The global AI ecosystem competes to establish standards and define regulations governing AI operations locally and internationally. There is a legitimate concern about cultural bias in AI models developed in specific regions that do not represent global cultural diversity. All else being equal, AI developed in a particular location will naturally be best suited to serve the needs of that specific location. AI from MIT exudes an unmistakably "American" essence, while AI from the British ecosystem radiates a distinct "properly English" aura. This highlights the unique cultural influences on the development of AI and raises questions about the extent of a globally collaborative, shared enterprise.
To understand the impact of culture on AI development, we need to consider the following aspects:
  • Values and Ethical Standards - Different cultures have varying ethical norms and values that impact AI development and deployment. Western cultures prioritize individual privacy and data protection, leading to regulations like the European GDPR. In contrast, some Asian cultures prioritize collective benefits over personal privacy, influencing more relaxed data-sharing practices.
  • Regulatory Environment - Cultural attitudes toward regulation and government intervention can influence AI's legal framework. For instance, the United States may prefer a more market-driven approach with minimal government oversight, promoting rapid innovation but possibly lacking sufficient regulation. Conversely, countries with robust regulatory traditions, like Germany, may enforce more comprehensive guidelines to ensure ethical AI deployment.
  • User Interaction and Design Preferences - Cultural differences impact how people engage with technology. For example, AI systems may be programmed to offer clear and direct responses in cultures that prioritize direct communication. On the other hand, in cultures that value subtlety and indirect communication, AI interfaces might be designed to be more nuanced and context-sensitive.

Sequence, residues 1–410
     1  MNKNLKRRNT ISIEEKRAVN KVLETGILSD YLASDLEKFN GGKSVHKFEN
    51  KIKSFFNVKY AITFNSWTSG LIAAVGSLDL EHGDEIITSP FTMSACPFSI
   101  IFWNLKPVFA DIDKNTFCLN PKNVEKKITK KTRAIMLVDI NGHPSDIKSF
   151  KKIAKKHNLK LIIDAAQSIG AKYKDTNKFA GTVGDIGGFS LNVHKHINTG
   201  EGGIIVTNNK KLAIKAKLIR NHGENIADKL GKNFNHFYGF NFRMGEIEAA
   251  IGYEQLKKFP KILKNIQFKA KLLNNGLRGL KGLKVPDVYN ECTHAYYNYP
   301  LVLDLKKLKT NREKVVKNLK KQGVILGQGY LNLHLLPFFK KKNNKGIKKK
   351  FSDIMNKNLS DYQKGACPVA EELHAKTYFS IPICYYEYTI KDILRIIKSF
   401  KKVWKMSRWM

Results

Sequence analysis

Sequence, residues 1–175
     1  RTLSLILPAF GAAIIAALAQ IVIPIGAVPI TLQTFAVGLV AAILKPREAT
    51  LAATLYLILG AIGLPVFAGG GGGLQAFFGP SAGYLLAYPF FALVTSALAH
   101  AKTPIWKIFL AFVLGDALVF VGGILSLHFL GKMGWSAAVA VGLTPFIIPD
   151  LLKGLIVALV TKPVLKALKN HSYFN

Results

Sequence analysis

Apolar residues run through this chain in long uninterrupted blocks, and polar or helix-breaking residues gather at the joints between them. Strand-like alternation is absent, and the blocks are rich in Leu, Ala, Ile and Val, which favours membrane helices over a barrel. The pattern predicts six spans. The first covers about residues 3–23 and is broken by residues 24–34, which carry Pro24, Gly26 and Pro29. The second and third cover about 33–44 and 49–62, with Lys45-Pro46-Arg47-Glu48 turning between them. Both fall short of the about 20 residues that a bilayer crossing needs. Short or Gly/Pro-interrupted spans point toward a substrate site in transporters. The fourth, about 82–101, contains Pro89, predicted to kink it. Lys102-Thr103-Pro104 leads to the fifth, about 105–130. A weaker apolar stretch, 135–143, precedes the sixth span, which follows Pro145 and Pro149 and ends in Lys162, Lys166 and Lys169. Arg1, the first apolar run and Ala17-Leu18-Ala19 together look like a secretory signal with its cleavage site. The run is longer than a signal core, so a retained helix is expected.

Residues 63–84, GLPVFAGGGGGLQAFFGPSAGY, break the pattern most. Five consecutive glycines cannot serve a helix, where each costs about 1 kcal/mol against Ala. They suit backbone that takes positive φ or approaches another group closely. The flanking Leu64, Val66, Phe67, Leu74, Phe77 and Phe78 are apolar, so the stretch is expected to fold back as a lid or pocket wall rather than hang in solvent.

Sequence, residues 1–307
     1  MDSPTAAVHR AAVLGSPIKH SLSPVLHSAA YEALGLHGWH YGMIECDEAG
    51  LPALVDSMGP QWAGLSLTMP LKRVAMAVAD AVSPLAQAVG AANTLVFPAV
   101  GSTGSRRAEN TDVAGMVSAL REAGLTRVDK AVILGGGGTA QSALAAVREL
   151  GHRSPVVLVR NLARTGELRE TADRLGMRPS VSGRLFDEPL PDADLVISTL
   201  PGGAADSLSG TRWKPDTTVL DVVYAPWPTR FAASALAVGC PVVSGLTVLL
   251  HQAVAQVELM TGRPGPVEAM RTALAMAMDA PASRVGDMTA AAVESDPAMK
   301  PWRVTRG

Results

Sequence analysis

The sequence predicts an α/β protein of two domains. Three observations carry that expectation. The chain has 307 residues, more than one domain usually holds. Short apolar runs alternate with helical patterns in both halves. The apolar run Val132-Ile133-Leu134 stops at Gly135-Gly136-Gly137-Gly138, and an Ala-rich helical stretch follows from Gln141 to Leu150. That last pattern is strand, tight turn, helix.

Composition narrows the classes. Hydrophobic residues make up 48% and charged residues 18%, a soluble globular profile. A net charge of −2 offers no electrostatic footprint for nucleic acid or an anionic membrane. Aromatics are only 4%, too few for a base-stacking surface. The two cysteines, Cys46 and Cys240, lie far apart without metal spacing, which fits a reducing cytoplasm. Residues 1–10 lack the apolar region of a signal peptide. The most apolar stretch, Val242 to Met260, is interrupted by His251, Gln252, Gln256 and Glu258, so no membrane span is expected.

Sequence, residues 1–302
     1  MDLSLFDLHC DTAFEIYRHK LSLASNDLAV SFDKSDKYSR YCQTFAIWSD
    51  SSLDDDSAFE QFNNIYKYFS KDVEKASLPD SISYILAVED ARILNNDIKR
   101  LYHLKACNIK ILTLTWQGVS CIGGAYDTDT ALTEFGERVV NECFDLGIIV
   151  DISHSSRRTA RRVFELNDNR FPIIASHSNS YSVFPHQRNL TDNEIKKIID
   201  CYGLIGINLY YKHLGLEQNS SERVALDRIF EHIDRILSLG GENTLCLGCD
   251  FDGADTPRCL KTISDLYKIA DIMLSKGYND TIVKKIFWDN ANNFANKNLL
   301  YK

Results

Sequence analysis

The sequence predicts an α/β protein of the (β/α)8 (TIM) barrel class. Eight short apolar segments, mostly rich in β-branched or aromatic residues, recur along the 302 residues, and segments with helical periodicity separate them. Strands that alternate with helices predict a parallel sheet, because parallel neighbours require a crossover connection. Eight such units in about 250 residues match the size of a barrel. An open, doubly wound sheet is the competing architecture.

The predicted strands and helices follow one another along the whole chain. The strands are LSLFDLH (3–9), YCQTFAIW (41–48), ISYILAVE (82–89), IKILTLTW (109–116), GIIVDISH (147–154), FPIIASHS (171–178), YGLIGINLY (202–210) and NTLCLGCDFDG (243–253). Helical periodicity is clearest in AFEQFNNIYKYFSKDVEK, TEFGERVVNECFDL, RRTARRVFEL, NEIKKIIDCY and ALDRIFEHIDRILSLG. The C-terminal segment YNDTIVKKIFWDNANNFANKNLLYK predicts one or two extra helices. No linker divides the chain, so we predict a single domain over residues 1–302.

• Adoption and Trust - Acceptance and trust in AI technologies vary across cultures. AI adoption might be rapid and widespread in societies with high levels of trust in technology and government. In contrast, there may be greater resistance in cultures with skepticism towards new technologies, necessitating more robust efforts to build public trust.
  • Language and Communication - Language plays a critical role in AI, especially in natural language processing (NLP). Creating AI systems that can comprehend and analyze various languages and dialects necessitates cultural and linguistic understanding. Moreover, idiomatic expressions, humor, and context can differ significantly across cultures, posing a challenge for developing universally effective AI communication tools.
  • Collaborative Practices - Different cultural norms regarding collaboration and competition can influence the management of AI development projects. Some cultures prioritize collaborative efforts and knowledge sharing, which can speed up innovation. In contrast, others may emphasize competitive advantage, potentially resulting in isolated developments and slower overall progress.
  • Global Influence and Diversity - Cultural diversity within AI development teams can lead to the creation of more innovative and inclusive technologies. A diverse team brings a wide range of perspectives and experiences, which can help identify and mitigate biases, understand user needs across different cultures, and create AI systems that are more globally applicable.
To summarize, the relationship between culture and AI development is undeniably complex and vital. Understanding cultural impacts is imperative for developing ethical, practical, and widely accepted AI technologies. Integrating cultural considerations is essential for creating technically advanced, socially responsible, and culturally sensitive AI systems. This demands a concerted effort to promote diversity, enhance data collection practices, and effectively mitigate biases in AI systems. Collaborating across disciplines with cultural studies, anthropology, and sociology experts is crucial for informing the design of culturally sensitive AI solutions.

Arona Maskil is a corporate cross-cultural business consultant with extensive experience in U.S., Israeli, and global business cultures. Founder of TrainingCQ, she specializes in cross-cultural and virtual communication consultancy and has over 25 years of experience in culturally related issues.